Rob Myers takes us on a short historical journey of Glitch as an aesthetic signifier of technological presence that dates back at least to the 1980s. Referencing the Vaught-Kampf machine in Blade Runner (1982), the titular character in Max Headroom (1985). And how the use of Glitch as an artistic aesthetic in itself has accelerated with the democratization of new technologies.
This exhibition by Mark Amerika (US) and Shu Lea Cheang (US/FR) at Furtherfield Gallery marks a significant moment for contemporary art. Amerika and Cheang are both 'net native' artists. They share many of the obsessions of the growing multitude of artists who have grown up with the net since the early 1990s.
Shu Lea Cheang and Mark Amerika at Furtherfield Gallery provides a physical interface in a local setting in the heart of a North London park to the thriving, international, networked art scene.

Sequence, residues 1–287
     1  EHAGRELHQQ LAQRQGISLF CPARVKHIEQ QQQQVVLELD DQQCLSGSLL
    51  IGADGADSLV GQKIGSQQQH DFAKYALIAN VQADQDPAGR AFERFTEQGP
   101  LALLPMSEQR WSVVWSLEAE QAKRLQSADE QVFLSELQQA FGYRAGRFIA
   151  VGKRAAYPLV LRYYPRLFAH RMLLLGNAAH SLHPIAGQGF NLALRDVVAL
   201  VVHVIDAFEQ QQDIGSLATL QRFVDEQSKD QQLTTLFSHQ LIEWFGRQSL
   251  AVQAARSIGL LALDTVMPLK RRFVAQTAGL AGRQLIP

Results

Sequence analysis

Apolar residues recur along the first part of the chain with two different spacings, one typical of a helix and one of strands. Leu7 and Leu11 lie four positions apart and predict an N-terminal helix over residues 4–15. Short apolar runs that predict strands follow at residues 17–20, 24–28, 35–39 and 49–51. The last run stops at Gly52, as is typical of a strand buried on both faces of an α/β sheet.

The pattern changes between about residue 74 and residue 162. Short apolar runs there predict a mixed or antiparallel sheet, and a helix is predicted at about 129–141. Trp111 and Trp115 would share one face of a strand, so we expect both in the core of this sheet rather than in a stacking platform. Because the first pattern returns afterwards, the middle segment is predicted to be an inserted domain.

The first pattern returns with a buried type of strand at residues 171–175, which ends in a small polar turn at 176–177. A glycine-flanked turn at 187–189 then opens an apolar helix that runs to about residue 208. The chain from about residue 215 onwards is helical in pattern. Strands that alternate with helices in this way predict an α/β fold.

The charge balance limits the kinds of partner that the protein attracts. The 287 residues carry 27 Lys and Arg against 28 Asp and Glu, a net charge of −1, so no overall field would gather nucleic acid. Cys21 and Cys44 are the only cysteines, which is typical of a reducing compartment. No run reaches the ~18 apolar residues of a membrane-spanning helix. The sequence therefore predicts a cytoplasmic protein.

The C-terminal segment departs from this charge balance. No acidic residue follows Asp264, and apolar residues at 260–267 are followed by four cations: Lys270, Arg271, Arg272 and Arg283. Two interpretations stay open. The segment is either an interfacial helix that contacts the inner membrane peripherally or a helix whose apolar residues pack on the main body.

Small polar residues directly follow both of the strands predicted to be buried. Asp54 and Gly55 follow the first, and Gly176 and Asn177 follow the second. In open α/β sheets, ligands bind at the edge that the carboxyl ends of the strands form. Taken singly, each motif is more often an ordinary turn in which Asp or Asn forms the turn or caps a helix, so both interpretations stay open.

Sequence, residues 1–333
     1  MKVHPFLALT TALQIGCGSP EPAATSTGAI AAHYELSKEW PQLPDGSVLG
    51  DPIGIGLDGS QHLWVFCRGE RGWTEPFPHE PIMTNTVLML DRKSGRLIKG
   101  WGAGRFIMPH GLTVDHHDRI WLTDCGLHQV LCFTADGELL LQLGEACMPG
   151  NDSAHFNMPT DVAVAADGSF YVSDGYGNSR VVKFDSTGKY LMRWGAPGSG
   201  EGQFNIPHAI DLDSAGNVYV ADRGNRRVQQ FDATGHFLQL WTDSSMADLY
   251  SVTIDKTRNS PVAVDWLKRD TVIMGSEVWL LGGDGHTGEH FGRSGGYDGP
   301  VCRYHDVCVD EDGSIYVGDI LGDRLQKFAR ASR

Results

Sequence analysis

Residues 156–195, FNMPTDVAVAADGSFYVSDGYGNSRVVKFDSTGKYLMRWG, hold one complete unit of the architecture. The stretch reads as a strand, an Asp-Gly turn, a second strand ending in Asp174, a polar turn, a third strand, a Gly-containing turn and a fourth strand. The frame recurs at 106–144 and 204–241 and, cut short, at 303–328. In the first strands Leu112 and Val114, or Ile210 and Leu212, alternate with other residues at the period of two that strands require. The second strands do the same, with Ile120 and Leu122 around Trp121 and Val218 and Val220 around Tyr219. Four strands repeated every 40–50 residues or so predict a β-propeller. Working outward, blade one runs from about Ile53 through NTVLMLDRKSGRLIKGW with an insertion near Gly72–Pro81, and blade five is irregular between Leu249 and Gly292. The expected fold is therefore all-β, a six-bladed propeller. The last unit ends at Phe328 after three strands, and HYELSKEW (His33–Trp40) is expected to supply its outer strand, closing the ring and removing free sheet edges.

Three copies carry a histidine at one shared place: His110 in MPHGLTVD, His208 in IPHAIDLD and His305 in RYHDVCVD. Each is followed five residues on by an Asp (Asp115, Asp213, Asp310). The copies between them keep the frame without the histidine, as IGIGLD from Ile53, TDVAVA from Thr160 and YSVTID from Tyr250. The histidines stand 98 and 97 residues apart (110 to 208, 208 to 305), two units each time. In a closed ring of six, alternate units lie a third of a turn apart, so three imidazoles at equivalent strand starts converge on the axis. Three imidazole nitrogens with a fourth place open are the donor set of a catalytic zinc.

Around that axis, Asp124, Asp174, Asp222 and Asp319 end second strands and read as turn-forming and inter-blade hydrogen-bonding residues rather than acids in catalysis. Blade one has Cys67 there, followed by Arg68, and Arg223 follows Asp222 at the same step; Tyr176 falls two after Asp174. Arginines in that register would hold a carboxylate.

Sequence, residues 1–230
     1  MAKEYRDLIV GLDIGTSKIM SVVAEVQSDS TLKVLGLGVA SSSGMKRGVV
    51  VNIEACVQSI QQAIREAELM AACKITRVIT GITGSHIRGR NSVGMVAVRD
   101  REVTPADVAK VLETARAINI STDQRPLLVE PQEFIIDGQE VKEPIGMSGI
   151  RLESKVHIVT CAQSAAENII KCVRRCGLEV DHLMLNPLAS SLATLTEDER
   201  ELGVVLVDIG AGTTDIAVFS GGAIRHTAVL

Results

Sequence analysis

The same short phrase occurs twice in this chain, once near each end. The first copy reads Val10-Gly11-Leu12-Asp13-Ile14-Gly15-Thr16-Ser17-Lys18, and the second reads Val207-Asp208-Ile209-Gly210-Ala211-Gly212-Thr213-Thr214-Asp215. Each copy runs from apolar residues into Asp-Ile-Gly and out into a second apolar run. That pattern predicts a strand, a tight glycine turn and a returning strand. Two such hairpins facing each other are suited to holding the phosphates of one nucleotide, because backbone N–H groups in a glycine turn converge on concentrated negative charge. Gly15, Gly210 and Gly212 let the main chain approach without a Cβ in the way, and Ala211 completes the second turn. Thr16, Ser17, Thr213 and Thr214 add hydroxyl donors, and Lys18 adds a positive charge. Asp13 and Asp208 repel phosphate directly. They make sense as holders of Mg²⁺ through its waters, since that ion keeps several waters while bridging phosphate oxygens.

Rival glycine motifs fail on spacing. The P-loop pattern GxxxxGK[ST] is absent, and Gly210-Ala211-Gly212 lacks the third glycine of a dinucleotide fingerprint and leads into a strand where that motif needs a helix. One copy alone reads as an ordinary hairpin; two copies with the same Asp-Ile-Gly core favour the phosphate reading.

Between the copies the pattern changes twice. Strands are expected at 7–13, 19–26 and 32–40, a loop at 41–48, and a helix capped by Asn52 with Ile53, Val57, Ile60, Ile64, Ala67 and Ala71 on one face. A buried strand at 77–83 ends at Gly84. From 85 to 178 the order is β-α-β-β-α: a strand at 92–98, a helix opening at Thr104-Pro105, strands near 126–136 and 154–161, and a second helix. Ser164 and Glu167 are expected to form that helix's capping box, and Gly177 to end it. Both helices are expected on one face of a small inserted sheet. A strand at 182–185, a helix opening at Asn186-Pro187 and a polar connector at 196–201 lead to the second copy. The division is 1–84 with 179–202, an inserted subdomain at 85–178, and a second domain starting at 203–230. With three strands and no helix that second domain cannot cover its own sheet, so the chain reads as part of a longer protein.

Featuring artists Alma Alloro, Melissa Barron, Nick Briz, Benjamin Gaulon, José Irion Neto, Antonio Roberts and Ant Scott.
The artists in this exhibition appropriate the technological and digital medium in order to make what is known as Glitch Art. These technically, imaginative disruptions include different approaches with the media whether it exploits software or hardware and includes video, sound and glitch textiles.
On September 20, 2012, Chicago dirty new media artists jonCates and Jon Satrom each presented a performance as an intersection with the exhibition "Ex-Static: George Kagan's Radios" at Intuit, the Center for Intuitive and Outsider Art in Chicago, IL. Their performances serve as examples of new media employed as a tactic in support of art rather than "new media art" as a condition represented by infatuation with expensive, new devices.
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